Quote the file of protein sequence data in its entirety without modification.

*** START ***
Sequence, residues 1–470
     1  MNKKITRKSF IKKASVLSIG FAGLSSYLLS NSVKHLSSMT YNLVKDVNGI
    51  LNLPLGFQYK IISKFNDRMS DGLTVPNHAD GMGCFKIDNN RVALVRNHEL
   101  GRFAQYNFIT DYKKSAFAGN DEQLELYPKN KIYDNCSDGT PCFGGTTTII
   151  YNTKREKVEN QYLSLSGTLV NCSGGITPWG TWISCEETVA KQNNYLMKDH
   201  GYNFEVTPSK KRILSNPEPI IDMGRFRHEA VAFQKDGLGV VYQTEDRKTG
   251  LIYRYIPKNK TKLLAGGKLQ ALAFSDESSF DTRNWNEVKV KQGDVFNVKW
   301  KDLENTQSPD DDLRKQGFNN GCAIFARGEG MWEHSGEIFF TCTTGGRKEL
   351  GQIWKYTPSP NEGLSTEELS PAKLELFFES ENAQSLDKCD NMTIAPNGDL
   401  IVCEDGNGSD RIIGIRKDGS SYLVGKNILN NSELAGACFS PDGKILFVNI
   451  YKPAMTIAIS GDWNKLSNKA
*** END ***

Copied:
Sequence, residues 1–470
     1  MNKKITRKSF IKKASVLSIG FAGLSSYLLS NSVKHLSSMT YNLVKDVNGI
    51  LNLPLGFQYK IISKFNDRMS DGLTVPNHAD GMGCFKIDNN RVALVRNHEL
   101  GRFAQYNFIT DYKKSAFAGN DEQLELYPKN KIYDNCSDGT PCFGGTTTII
   151  YNTKREKVEN QYLSLSGTLV NCSGGITPWG TWISCEETVA KQNNYLMKDH
   201  GYNFEVTPSK KRILSNPEPI IDMGRFRHEA VAFQKDGLGV VYQTEDRKTG
   251  LIYRYIPKNK TKLLAGGKLQ ALAFSDESSF DTRNWNEVKV KQGDVFNVKW
   301  KDLENTQSPD DDLRKQGFNN GCAIFARGEG MWEHSGEIFF TCTTGGRKEL
   351  GQIWKYTPSP NEGLSTEELS PAKLELFFES ENAQSLDKCD NMTIAPNGDL
   401  IVCEDGNGSD RIIGIRKDGS SYLVGKNILN NSELAGACFS PDGKILFVNI
   451  YKPAMTIAIS GDWNKLSNKA